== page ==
• Dolemite Is My Name – When I was younger, my brother and his friends came home one day with a tape from a video rental place. The movie was The Monkey Hustle, starring one Rudy Ray Moore. For some reason, we became obsessed with this dude and watched a bunch of his other movies, including Dolemite. They aren’t strictly good in any objective sense, but they’ve certainly got an energy about them. So this new film, Dolemite Is My Name, is a love letter to Moore and his particular brand of raunchy comedy. It’s kind of a biopic, but it focuses pretty narrowly on one portion of Moore’s career, so it doesn’t fall prey to all the cliches usually associated with the sub-genre, and it’s a whole boatload of fun. Eddie Murphy is fantastic, certainly the best thing he’s done in, um, decades? Jeeze. Great supporting cast as well, particularly Wesley Snipes. It’s a pretty fantastic example of the “I’m pretty sure it didn’t happen this way, but who cares because this is really fun!” style movie. Well worth checking out.


  • Delta-V by Daniel Suarez – A billionaire hires a bunch of adventurer/explorer types to man his deep space mission to mine an asteroid; hijinks ensue. Pretty solid SF told in Suarez’s breezy style. It scratches the hard SF itch while being pretty entertaining, but it doesn’t really approach the true sense of wonder that marks the best of the genre either. Still, I really enjoyed this, quite a bit more than a lot of recent SF that I’ve read.
  • Zero to One Notes on Start-Ups, or How to Build the Future by Peter Thiel and Blake Masters – Peter Thiel is a famous tech entrepreneur who was one of the founders of Paypal. Blake Masters was a Standford grad student who took a class taught by Thiel and eventually came to work with Thiel to publish a book on Thiel’s ideas. This post can’t really do justice to Thiel’s ideas, but he has some interesting thoughts on monopolies, competition, and what he terms “indefinite optimism”. It’s at its best when he’s waxing philosophical on topics like this, though the bits on the nuts and bolts of operating a startup work too (they’re just necessarily more mundane). It’s actually very short, and could probably use a bit more fleshing out, but lots of food for thought here. As a fan of Science Ficiton, I thought Thiel’s framing of the indefinite/definite and pessimism/optimism would make interesting axis for SF – the definite optimism of the golden age yielding to indefinite pessimism of the new wave (maybe not the best description, but the general idea of SF becoming more pessimistic over time is pretty clear), etc… It could be interesting, but it’d be a topic for another post.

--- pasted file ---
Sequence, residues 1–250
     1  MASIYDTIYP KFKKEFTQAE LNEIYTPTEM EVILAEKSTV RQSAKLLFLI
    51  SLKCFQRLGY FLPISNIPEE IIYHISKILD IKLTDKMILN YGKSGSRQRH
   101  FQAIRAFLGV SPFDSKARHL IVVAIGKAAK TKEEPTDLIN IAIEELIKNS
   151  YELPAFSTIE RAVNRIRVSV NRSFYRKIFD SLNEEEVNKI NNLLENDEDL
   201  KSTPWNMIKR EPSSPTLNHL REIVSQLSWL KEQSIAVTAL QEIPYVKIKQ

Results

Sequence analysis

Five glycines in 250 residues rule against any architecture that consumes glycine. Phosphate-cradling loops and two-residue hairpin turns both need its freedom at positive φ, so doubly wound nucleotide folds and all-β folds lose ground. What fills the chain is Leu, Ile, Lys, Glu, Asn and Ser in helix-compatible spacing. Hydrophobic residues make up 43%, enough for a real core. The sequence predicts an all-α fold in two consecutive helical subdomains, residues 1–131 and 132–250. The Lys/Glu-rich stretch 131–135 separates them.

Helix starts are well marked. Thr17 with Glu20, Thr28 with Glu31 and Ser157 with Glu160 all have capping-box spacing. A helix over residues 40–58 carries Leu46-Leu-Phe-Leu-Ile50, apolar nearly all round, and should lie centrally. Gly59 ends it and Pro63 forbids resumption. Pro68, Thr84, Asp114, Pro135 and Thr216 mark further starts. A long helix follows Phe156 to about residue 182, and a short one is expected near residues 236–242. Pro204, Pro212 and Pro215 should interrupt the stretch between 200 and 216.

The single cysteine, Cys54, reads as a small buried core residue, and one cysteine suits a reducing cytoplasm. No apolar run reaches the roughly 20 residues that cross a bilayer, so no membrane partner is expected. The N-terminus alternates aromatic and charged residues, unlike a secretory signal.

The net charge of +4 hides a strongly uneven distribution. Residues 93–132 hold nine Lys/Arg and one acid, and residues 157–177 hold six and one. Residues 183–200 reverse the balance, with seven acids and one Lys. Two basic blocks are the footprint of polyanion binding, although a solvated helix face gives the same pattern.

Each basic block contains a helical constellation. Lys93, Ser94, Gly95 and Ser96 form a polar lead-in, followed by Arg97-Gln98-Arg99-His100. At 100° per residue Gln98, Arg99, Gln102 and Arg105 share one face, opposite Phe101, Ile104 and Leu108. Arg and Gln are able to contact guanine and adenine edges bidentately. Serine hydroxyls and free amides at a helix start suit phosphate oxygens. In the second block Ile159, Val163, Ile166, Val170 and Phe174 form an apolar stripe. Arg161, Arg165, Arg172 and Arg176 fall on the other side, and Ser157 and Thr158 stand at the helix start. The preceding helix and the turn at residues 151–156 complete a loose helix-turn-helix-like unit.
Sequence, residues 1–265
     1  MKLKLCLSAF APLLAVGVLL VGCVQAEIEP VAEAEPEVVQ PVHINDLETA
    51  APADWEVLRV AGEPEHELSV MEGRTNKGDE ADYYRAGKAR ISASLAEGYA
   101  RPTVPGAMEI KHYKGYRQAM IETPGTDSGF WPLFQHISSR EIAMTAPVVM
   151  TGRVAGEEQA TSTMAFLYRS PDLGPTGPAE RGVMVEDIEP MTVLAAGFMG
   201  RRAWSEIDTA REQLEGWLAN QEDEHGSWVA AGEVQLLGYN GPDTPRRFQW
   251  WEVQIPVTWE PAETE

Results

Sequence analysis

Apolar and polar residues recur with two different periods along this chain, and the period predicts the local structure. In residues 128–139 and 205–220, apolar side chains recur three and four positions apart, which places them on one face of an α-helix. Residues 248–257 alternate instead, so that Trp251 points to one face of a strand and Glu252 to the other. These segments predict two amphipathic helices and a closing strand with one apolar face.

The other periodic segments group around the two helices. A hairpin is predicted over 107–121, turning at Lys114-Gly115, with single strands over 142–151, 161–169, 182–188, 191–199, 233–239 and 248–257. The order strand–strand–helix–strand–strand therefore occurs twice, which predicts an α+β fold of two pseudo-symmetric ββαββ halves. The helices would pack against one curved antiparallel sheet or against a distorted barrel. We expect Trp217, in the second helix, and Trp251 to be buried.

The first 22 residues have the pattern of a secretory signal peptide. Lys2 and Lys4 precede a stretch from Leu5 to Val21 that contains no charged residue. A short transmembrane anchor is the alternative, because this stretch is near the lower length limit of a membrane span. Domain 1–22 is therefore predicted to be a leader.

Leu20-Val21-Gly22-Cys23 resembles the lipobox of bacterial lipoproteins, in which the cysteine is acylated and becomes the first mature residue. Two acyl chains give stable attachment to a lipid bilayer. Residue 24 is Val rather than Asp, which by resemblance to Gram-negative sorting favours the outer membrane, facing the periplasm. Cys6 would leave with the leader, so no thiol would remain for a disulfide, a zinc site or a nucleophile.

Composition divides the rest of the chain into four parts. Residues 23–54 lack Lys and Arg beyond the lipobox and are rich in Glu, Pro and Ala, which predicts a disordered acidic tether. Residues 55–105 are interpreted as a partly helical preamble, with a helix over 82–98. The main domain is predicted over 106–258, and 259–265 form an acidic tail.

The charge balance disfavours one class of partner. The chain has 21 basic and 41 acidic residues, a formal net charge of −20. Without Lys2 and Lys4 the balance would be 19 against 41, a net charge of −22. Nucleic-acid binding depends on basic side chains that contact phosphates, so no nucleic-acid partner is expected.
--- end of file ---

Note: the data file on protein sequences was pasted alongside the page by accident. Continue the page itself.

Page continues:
• Talking to Strangers: What We Should Know about the People We Don’t Know by Malcolm Gladwell – By this point, you should already know what you think of Gladwell, and this book most likely won’t change your mind. I tend to enjoy his style and think he’s good at articulating certain things. For its part, this book seems to me to be a warning of the dangers of being hyper-vigilant. Sure, you might catch a Bernie Madoff earlier on and maybe the police can clean up a crime-ridden neighborhood, but applying that same hyper-vigilantism to other, more trustworthy areas can be disastrous. The book meanders a bit and Gladwell’s focus isn’t necessarily on hyper-vigilantism, but that was the most relevant piece for me, and you can see it all over the place (i.e. obvious places like politics, but also social media and smaller scale communities, etc…). Again, if you’re not a Gladwell fan, this won’t change your mind, but if you are, it’s solid stuff.


  • Watchmen: Volume 1 and Volume 2 (Music from the HBO Series) – As I was watching the series, I was thinking that the music was great and a little familiar and look at that, it’s Trent Reznor and Atticus Ross. Great stuff, and good background for working…

The Finer Things

  • The Kaedrin Beer Blog is still going, though posting has dropped off quite a bit. Still, we’ve entered barrel-aged stout season and I’m working my way through BCBS variants (best so far is the Reserve Rye) and the more local, independent Free Will Ralphius variants (so far, the Vanilla and Double Barrel-Aged are the best variants, better than most of last year’s for sure).
  • The Annual Egg Nog Tasting this year was of moderate size. Not much to cover that we haven’t covered before, but a couple of newish entries this year, including the semi-local Kreider Farms Eggnog (which was my favorite) and Promised Land (which the majority voted as best).
    The 2019 Egg Nog Tasting

    Wawa always places well too, but I think people are so used to it that they just vote for something new and good whenever it’s available. In terms of worst-in-show, someone brought eggnog flavored creamer, which was… not good.

And that’s all for now folks…